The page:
North Texas braced is bracing for heavy rain late Saturday and early SundayCFP!!!, and with water levels already high, some flooding is expected, according to the National Weather Service’s Fort Worth office.
Meteorologist Dennis Cavanaugh said Saturday night that little had changed from earlier forecasts calling for a 90 percent chance of rain in Fort Worth overnight. With water being released from area reservoirs, he said, the biggest question was whether locally heavy rain would cause flooding in rivers and streams.
“It’s going to be a pretty big event overnight,” weather service meteorologist Joe Harris said earlier Saturday.
In Wichita County, residents, including those in Wichita Falls, living within a half-mile of the swollen Wichita River have been ordered to evacuate.
A tornado watch was in effect for nine North Texas counties, including Wise and Denton.
Heavy rainfall was expected to pour on the already soaked area, dumping 1-4 inches — and more in some spots — by SundayCFP!!! daybreak. Flash flooding is “likely” from rapid runoff, and it will add to the high water levels in the Metroplex.
“If you live in a low area that floods, be prepared to move to higher ground,” Harris said. “If you’re traveling, know the rule: Turn around, don’t drown.”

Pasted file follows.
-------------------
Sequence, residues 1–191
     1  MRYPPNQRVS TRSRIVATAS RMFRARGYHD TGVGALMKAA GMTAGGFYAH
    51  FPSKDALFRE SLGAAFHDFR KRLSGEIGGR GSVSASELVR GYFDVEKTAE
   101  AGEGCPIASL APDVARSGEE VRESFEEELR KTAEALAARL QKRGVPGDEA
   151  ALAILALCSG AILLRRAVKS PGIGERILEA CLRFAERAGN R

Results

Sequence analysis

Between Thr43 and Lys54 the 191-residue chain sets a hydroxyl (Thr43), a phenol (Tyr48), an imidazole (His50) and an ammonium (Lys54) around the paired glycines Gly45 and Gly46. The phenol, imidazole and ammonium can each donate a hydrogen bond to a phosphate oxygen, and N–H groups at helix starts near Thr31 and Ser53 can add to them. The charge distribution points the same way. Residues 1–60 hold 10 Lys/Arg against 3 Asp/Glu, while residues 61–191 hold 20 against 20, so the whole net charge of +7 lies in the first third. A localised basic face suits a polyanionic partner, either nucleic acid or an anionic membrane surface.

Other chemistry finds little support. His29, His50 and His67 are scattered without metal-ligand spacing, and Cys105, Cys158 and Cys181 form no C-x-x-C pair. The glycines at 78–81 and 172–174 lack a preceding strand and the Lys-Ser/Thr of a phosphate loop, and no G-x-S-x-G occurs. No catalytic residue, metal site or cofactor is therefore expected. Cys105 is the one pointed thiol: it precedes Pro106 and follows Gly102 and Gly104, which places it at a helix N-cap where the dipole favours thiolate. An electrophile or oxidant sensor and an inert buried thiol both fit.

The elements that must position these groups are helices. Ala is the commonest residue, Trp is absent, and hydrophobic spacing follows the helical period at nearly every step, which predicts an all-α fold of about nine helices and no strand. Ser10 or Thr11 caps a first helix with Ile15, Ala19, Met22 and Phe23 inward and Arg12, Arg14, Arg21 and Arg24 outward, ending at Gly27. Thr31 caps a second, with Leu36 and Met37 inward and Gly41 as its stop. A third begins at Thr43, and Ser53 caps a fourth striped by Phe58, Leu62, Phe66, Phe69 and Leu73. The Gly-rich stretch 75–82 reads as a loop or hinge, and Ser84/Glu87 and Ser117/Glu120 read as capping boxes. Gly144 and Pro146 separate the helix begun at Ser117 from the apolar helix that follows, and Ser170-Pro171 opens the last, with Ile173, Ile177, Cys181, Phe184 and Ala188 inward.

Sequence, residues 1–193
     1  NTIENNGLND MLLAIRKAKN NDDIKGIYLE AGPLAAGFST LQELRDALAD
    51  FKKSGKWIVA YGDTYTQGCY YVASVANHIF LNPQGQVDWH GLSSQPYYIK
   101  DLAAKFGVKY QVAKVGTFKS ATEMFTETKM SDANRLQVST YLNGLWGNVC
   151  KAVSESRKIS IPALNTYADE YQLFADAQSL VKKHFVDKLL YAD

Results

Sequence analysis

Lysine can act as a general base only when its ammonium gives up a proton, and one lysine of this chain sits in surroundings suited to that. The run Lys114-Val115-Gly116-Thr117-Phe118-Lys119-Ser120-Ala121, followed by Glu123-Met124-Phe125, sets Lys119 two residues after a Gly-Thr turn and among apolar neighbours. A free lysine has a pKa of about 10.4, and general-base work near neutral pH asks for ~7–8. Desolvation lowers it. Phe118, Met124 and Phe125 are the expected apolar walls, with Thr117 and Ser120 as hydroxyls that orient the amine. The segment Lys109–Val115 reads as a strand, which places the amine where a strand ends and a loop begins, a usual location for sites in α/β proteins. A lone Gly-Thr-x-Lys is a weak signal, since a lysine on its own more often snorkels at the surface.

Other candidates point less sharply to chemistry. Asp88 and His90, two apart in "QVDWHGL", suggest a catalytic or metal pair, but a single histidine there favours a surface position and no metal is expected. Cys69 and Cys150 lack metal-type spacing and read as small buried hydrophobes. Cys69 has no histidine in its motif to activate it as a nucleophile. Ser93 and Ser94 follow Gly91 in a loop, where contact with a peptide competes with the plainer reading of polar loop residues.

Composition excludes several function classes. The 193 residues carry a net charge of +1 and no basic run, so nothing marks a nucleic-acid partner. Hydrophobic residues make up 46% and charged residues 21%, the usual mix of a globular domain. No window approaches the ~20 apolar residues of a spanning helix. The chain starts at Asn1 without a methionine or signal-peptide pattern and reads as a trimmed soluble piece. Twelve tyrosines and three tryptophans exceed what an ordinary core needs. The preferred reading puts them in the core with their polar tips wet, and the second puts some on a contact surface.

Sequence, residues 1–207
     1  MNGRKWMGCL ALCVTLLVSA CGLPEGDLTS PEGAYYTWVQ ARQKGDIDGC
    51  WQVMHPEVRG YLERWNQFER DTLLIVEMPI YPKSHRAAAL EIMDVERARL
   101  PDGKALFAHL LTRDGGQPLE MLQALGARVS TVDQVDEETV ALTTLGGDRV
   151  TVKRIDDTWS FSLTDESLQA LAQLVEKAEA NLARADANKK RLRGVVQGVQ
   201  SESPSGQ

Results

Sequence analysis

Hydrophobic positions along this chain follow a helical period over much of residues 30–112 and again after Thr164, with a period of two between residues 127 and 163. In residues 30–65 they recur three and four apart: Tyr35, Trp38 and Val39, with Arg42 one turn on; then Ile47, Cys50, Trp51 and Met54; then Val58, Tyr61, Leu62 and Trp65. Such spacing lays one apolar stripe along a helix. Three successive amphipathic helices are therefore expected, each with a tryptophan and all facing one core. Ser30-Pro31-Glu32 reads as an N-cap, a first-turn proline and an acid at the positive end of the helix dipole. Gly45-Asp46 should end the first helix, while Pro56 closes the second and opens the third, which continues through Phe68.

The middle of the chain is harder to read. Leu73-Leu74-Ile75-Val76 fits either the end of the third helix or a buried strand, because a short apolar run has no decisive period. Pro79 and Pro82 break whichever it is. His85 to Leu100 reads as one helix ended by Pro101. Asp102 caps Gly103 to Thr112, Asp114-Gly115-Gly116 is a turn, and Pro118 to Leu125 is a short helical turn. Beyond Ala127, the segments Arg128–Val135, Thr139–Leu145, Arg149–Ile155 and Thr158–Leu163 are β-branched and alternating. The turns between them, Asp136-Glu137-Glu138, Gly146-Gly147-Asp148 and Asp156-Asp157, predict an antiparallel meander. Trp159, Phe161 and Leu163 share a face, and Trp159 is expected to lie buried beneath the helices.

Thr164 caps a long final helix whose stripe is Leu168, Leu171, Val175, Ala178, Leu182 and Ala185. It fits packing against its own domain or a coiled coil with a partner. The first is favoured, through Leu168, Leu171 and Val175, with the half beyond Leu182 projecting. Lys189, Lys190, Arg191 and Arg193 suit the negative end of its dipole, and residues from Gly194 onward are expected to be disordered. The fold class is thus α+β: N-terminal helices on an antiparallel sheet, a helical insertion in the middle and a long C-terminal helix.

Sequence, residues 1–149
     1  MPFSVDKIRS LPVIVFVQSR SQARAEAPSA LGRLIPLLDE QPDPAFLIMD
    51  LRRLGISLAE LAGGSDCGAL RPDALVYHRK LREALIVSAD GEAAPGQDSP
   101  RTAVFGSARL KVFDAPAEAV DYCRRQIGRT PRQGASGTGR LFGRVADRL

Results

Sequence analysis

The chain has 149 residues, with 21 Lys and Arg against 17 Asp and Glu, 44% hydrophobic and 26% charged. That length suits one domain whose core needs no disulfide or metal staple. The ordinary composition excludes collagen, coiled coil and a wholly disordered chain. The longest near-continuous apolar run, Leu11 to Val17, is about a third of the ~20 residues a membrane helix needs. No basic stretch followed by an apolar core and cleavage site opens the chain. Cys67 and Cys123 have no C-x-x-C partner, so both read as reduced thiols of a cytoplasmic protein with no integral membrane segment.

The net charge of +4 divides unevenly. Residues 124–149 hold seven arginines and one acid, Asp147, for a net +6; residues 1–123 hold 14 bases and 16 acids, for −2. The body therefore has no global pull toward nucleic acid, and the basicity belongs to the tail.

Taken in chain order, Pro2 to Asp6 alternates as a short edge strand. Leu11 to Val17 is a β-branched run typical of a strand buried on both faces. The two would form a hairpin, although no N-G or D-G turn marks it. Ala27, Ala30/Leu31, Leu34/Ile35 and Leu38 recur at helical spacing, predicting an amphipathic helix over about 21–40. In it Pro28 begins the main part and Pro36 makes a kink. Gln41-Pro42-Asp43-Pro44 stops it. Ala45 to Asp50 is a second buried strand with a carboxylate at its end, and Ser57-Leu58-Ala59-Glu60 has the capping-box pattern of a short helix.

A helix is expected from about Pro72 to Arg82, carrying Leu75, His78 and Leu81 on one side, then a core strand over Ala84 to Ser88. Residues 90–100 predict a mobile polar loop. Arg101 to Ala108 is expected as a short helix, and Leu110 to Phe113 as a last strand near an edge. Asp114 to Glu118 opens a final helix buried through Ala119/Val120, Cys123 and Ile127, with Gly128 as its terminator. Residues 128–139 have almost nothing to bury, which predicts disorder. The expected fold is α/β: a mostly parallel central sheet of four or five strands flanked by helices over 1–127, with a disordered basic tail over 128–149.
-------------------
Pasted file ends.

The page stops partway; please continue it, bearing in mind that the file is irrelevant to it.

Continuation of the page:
Drivers SundayCDP!!! morning will likely need to detour around low-lying roads.
“People need to plan for a secondary route to get where they’re going the safest way,” Harris said.
It’s the latest weather event in an abnormally rainy North Texas spring.
Lake Grapevine is bursting at 15.8 feet above capacity, which is 25 feet higher than a year ago. By Saturday afternoon, Lake Bridgeport, which was 24 feet low just a month ago, should be full. Farther west, Possum Kingdom Lake, which was 14 feet down a month ago, was expected to fill sometime over the three-day weekend.
The Tarrant Regional Water District, which owns and operates Lake Bridgeport, Eagle Mountain Lake, Cedar Creek Lake and the Richland-Chambers Reservoir, is also closely monitoring the situation. This is the first time all its lakes have been full since July 11, 2010.
North Texas has received more rain in less than five months this year than all of last year.
Staff writers Mark David Smith and Patrick M. Walker contributed to this report, which includes material from the Star-Telegram archives.